It is a mistake to dismiss the Lone Wolves as "cowardly and depraved". On the contrary, their tactics require a willingness to die and the intelligent use of abundant dual-use materials that is rarely if ever equaled by the political leadership of the West. The September 11 attacks are a superb example of how creative and determined a foe the jihadis can be. Using box cutters and wide-bodied aircraft the Muslim world could not invent for itself a handful of highly motivated men that killed thousands of people in the heart of Manhattan.  In some respect, the Lone Wolves are more accurately likened to the U-Boat wolfpacks of WW2 notoriety than to werewolves who mysteriously arise at random in the depths of the forest. The Wolfsrudel, like the Lone Wolves, were only loosely coordinated and "could attack as they saw fit ... If their number were sufficiently high compared to the expected threat of the escorts, they would attack."

And attack they do, surprisingly yet unsurprisingly. It is Western leadership that is more deserving of criticism for turning in such a poor defensive performance despite their vast resource superiority. Obsessed with looking good, timid to the point of inactivity, determined at all costs to proclaim their own virtue, the Western elites have proved singularly incapable of combating their vastly weaker foes. The ritualistic candle-lighting, trite speeches, frightened processions and self-congratulation of the political class are completely ineffective against the laser-like menace of their foes. They haven't noticed but the voting audience is starting to.

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Irresistible: The Rise of Addictive Technology and the Business of Keeping Us Hooked, Author Adam Alter, a professor of psychology and marketing at NYU, tracks the rise of behavioral addiction, and explains why so many of today's products are irresistible. He shows that their extraordinary and sometimes damaging magnetism is no accident. By reverse engineering behavioral addiction, he explains how we can harness addictive products for the good — to improve how we communicate with each other, spend and save our money, and set boundaries between work and play — and how we can mitigate their most damaging effects on our well-being, and the health and happiness of our children.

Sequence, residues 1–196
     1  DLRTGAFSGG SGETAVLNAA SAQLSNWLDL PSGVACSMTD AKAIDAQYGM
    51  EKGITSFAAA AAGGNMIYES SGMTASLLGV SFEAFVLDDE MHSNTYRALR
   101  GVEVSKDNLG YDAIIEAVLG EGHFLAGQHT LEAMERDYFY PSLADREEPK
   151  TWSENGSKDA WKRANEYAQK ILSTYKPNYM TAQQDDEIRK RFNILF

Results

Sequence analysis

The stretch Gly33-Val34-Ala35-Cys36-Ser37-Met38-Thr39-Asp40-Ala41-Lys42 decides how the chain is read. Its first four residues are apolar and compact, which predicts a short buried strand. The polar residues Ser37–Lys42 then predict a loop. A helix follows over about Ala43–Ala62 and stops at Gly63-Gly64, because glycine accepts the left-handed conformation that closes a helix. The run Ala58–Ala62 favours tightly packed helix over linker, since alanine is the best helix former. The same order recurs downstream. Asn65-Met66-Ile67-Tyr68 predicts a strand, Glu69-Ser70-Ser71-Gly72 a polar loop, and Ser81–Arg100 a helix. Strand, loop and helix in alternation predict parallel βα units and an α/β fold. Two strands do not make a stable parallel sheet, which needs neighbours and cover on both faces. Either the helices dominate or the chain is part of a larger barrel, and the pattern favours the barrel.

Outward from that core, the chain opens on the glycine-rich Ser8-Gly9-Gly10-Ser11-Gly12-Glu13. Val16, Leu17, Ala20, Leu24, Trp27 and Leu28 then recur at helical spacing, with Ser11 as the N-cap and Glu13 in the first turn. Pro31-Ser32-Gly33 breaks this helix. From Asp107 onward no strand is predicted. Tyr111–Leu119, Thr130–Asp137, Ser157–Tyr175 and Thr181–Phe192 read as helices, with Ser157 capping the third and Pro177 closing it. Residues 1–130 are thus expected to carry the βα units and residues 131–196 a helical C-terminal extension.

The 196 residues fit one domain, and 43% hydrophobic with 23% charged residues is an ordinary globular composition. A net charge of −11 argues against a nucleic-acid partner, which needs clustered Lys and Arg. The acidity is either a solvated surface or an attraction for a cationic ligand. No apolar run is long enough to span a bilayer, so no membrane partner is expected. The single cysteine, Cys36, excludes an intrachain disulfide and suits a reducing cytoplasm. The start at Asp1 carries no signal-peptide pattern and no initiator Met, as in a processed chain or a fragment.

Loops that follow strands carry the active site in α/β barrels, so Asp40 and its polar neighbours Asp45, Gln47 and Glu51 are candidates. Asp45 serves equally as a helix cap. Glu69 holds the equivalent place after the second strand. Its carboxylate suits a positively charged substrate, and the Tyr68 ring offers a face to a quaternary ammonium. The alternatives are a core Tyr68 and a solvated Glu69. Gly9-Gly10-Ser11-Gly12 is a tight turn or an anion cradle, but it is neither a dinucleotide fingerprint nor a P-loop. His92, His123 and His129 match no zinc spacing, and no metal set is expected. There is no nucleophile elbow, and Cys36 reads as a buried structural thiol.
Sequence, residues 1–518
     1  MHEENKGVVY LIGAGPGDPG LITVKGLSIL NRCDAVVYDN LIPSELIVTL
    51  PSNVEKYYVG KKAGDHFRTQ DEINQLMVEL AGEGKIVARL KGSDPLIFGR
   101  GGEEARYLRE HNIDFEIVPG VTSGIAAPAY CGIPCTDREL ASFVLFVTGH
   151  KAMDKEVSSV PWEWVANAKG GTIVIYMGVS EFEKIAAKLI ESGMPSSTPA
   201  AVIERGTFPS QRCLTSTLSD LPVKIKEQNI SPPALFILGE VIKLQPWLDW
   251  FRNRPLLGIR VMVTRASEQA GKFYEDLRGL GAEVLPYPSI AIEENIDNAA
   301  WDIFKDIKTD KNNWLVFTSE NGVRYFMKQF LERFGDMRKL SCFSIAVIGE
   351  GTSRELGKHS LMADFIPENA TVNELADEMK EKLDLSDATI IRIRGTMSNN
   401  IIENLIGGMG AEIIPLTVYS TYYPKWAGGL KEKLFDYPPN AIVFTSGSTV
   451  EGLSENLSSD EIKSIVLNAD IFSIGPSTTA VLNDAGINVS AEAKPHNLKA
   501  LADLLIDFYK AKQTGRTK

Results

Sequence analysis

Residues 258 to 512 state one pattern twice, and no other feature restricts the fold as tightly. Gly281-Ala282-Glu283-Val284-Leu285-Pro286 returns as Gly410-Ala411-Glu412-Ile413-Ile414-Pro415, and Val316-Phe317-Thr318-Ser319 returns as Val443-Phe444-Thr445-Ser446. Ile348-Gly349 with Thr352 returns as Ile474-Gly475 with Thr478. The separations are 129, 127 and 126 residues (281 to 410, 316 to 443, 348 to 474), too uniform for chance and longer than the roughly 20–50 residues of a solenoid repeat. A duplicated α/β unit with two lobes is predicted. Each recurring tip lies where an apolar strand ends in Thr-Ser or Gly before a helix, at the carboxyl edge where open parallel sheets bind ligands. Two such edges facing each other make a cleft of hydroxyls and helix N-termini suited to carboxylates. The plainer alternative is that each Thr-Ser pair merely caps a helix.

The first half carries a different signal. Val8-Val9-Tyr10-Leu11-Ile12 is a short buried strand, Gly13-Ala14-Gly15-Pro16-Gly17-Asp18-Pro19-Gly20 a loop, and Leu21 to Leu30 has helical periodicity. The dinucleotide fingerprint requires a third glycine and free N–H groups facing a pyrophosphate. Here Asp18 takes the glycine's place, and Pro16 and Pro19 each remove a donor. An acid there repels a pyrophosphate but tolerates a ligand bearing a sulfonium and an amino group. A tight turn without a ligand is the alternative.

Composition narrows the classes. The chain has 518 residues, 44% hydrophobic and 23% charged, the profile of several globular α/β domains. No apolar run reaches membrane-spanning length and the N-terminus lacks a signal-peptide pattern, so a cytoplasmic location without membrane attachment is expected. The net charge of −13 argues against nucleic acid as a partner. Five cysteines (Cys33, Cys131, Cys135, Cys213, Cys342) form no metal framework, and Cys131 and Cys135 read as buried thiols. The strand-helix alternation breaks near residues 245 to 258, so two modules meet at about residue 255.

American Sphinx: The Character of Thomas Jefferson, Author Joseph J. Ellis sifts the facts shrewdly from the legends and the rumors, treading a path between vilification and hero worship in order to formulate a plausible portrait of the man who still today "hover[s] over the political scene like one of those dirigibles cruising above a crowded football stadium, flashing words of inspiration to both teams."

The Power of Habit: Why We Do What We Do in Life and Business, by Charles Duhigg. In this book, Duhigg takes the reader to the thrilling edge of scientific discoveries that explain why habits exist and how they can be changed. He presents a whole new understanding of human nature and its potential. By harnessing this new science and understanding how habits work, he believes we can transform our businesses, our communities and our lives.

Race Against the Machine: How the Digital Revolution is Accelerating Innovation, Driving Productivity, and Irreversibly Transforming Employment and the Economy, Authors Erik Brynjolfsson and Andrew McAfee of MIT bring together a range of statistics, examples, and arguments to show that technological progress is accelerating, and that this trend has deep consequences for skills, wages, and jobs. They make the case that employment prospects are grim for many today not because technology has stagnated, but because we humans and our organizations aren't keeping up.

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The War of the Words, Understanding the crisis of the early 21st century in terms of information corruption in the financial, security and political spheres

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The Three Conjectures, reflections on terrorism and the nuclear age